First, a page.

From Cory Doctorow’s How Laws Restricting Tech Actually Expose Us to Greater Harm:
Because while we’ve spent the past 70 years perfecting the art of building computers that can run every single program, we have no idea how to build a computer that can run every program except the one that infringes copyright or prints out guns or lets a software-based radio be used to confound air-traffic control signals or cranks up the air-conditioning even when the power company sends a peak-load message to it.
Why? Because for such a system to work, remote parties must have more privileges on it than the owner. And such a security model must hide its operation from the computer’s normal processes. When you ask your computer to do something reasonable, you expect it to say, “Yes, master” (or possibly “Are you sure?”), not “I CAN’T LET YOU DO THAT, DAVE.”
Which, though actually quite different, reminded me of one reason I always disliked USMLEWorld’s zealous efforts to prevent intellectual property theft. From the official Terms and Conditions:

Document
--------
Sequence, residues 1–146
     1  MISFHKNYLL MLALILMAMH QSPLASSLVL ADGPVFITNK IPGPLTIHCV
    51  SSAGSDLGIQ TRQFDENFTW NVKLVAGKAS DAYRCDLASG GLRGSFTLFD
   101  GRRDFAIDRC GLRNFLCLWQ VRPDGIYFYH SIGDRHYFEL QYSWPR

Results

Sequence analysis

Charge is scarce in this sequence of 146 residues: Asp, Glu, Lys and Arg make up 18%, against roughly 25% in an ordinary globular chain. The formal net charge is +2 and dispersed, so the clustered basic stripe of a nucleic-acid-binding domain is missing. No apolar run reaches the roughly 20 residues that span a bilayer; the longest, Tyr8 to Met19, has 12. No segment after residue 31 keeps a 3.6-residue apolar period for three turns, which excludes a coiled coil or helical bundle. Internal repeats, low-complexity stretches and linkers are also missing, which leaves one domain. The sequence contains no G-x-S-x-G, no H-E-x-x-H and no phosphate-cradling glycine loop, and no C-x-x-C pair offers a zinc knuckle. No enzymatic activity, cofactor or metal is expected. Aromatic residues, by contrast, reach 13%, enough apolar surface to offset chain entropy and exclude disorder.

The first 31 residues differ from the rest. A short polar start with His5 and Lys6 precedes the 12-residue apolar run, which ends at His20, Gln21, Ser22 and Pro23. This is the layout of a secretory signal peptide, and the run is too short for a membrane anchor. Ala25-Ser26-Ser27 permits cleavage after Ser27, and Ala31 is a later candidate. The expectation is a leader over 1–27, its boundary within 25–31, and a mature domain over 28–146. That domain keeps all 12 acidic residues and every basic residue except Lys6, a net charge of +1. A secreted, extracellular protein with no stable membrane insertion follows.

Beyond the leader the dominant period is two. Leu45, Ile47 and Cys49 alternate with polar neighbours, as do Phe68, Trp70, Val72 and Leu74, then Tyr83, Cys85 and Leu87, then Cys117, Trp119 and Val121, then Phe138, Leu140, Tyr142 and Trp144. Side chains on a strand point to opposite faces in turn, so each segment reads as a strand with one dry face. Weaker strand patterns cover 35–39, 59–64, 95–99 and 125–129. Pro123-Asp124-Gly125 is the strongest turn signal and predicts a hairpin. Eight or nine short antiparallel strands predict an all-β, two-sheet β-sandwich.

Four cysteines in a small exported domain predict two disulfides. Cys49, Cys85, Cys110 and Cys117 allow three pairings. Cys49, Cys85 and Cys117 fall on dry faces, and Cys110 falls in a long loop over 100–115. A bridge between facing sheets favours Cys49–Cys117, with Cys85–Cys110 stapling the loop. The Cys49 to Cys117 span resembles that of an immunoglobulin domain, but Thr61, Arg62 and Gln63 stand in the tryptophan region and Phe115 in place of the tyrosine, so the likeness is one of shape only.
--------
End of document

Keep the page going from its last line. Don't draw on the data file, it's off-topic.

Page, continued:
The UWorld software is designed to access your computer system’s clipboard during use of the UWorld software. While a test is in progress, the UWorld software shall disable all clipboard functions of your computer system (including, but not limited to, copy-paste-print and save-to-disk functions). Furthermore, the UWorld software shall monitor all processes on your computer to determine if there exists any applications that could be used (intentionally or unintentionally) to copy contents. Simultaneous use of such applications (hereafter referred to as “dubious applications”) with the UWorld software constitutes a violation of this agreement.
That’s an amazing amount of system privelige we give to a small software package out of Irving, TX. In the future, how much control will we be willing to give up to companies and governements in order to use the products we want?